Goodwill may be either purchased or internally generated. A historical review of accounting literature, including professional standards, relating to methods of accounting for purchased goodwill, forms an integral part of the book. The difficulty in accounting meaningfully for goodwill is compounded because, given its foundation in historical cost principles, accounting has been unable to present any information at all with regard to internally generated goodwill within the confines of the traditional Balance Sheet. This, in turn, has led to the evasion of the reality that the two forms of goodwill are inextricably merged. Trying to account satisfactorily for goodwill has been a prime example of R.R. Sterlinga??s a??issues conceived in a way that they are in principle unresolvablea??. The issue was accordingly redefined as to develop a method by which the current level of information relating to goodwill in the financial statements contained in a companya??s Annual Report could be improved.The book seeks to identify a logically defensible method of accounting for goodwill that addresses that redefined problem. It builds upon the historical research undertaken, combined with a priori reasoning, to propose an additional financial statement which is a modification of nineteenth century a??double accountinga?? in a modern context. This statement, which goes far to solve the redefined problem, also furnishes information regarding the companya??s market capitalization at balance date and is termed the Market Capitalization Statement (a??MCSa??).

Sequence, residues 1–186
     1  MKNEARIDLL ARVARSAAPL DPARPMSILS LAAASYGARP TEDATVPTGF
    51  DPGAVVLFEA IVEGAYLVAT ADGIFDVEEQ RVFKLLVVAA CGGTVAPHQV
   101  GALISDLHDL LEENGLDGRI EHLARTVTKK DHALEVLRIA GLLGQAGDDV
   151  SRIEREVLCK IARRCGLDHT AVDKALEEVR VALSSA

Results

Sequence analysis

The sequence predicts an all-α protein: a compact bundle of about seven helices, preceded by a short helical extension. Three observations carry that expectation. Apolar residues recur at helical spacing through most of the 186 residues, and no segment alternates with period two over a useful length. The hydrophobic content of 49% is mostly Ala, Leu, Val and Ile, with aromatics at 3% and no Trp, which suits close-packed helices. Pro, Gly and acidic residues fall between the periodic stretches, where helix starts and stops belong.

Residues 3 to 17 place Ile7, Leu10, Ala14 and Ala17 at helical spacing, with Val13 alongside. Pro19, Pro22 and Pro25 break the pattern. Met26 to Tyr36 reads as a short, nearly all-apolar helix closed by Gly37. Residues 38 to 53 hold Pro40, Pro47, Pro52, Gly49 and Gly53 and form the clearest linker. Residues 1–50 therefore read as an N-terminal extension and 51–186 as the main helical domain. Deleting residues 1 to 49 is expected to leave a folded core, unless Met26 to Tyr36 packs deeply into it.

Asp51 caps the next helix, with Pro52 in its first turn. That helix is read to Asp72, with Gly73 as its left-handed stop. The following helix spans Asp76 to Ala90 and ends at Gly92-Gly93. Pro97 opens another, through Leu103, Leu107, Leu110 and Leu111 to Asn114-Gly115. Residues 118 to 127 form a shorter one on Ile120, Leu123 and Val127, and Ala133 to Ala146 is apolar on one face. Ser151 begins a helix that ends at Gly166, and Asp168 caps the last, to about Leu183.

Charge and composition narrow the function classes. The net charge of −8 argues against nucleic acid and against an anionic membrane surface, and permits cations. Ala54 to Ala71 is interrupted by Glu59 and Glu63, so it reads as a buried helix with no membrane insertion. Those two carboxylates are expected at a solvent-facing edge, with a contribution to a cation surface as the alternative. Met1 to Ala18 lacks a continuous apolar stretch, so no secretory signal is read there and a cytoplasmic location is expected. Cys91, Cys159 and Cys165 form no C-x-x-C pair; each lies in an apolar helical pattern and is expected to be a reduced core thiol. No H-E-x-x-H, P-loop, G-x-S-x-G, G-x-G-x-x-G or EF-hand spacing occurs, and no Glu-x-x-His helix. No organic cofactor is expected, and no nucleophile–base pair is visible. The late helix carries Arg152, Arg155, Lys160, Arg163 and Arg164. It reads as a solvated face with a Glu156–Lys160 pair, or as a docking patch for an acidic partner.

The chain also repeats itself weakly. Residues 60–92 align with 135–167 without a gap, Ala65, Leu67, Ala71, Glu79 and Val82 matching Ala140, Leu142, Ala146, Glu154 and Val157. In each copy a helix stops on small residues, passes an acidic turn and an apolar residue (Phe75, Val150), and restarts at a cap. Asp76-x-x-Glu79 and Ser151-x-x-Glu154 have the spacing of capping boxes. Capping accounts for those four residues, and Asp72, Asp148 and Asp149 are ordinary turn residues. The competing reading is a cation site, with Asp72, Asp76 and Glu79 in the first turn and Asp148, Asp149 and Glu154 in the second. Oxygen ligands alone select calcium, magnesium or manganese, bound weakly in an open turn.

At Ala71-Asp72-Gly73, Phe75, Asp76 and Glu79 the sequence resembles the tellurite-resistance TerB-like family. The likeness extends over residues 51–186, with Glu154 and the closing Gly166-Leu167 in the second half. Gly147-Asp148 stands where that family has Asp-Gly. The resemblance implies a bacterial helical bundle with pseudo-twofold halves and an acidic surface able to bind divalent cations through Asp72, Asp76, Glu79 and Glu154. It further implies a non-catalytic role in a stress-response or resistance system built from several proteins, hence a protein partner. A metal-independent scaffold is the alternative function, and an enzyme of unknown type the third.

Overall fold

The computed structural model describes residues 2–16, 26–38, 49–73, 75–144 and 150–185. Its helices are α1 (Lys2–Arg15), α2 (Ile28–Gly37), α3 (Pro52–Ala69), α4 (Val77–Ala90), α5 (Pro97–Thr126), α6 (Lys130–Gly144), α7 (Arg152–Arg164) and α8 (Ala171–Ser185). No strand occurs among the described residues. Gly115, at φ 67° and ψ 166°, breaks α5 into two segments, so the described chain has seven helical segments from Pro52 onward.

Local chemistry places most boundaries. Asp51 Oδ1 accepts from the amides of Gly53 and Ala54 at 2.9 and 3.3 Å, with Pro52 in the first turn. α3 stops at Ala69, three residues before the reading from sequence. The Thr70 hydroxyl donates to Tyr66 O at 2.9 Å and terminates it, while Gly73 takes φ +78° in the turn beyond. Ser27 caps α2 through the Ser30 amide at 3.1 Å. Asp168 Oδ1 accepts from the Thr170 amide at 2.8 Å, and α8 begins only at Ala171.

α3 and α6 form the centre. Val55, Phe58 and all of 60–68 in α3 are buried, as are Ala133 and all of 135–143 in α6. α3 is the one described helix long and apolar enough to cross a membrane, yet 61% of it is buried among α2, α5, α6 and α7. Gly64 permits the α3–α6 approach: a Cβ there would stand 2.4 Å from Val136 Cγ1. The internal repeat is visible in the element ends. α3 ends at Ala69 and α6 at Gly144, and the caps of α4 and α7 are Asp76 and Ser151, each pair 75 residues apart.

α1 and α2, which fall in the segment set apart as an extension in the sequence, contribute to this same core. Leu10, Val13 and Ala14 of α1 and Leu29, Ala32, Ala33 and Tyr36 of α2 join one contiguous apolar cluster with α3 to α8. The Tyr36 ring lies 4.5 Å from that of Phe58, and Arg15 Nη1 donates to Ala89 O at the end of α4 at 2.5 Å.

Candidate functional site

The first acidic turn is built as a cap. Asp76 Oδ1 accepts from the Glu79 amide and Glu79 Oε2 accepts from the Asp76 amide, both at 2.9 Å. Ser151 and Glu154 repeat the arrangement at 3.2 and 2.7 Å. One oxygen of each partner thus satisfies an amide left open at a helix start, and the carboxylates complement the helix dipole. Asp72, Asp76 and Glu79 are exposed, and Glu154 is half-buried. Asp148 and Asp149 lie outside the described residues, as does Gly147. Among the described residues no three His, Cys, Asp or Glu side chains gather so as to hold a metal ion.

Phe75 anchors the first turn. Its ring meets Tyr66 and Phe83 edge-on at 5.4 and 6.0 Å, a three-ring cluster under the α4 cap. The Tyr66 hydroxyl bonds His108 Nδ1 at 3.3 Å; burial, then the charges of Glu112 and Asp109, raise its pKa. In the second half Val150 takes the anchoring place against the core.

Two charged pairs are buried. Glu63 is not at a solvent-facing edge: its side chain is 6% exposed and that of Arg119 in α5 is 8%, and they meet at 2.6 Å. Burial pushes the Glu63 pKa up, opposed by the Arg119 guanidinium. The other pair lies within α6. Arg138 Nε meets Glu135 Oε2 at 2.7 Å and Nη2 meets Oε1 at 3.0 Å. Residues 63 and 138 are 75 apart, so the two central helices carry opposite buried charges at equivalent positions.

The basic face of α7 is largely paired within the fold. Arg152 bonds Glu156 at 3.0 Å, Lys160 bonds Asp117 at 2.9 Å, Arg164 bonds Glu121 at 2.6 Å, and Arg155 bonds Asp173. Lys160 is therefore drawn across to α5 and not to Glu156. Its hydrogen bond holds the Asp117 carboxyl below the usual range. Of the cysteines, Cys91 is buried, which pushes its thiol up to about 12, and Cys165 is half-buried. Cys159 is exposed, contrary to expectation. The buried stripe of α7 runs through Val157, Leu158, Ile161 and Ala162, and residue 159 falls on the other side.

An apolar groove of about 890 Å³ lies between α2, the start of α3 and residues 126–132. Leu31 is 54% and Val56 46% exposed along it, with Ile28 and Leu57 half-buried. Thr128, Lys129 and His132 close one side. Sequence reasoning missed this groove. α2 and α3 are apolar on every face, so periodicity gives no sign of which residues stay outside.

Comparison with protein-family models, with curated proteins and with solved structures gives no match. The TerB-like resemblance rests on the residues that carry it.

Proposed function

Examining the layers of meaning encoded in software and the rhetoric surrounding it, this book offers a much-needed perspective on the intersections between software, morality, and politics. In software development culture, evangelism typically denotes a rhetorical practice that aims to convert software developers, as well as non-technical lay users, from one platform to another (e.g., from the operating system Microsoft Windows to Linux). This book argues that software evangelism, like its religious counterpart, must also be understood as constructing moral and political values that extend well beyond the boundaries of the development culture. Unlike previous studies that locate such values in the effects of code in-use or in certain types of code like free and open source (FOSS) software, Maher argues that all code is meaningful beyond its technical, executable functions. To facilitate this analysis, this study builds a theory of evangelism and illustrates this theory at work in the proprietary software industry and FOSS communities. As an example of political liberalism at work at the level of code, these evangelical rhetorics of software construct competing conceptions of what is good that fall within a shared belief in what is just. Maher illustrates how these beliefs in goodness and justice do not always execute in replicable ways, as the different ways of decoding software evangelisms in the contexts of Brazil and China reveal. Demonstrating how software evangelisms exert a transformative force on the world, one comparable in significance to code itself, this book highlights the importance of rhetoric in even the most seemingly a-rhetorical of technical endeavors and foregrounds the crucial need for rhetorical literacy in the digital age.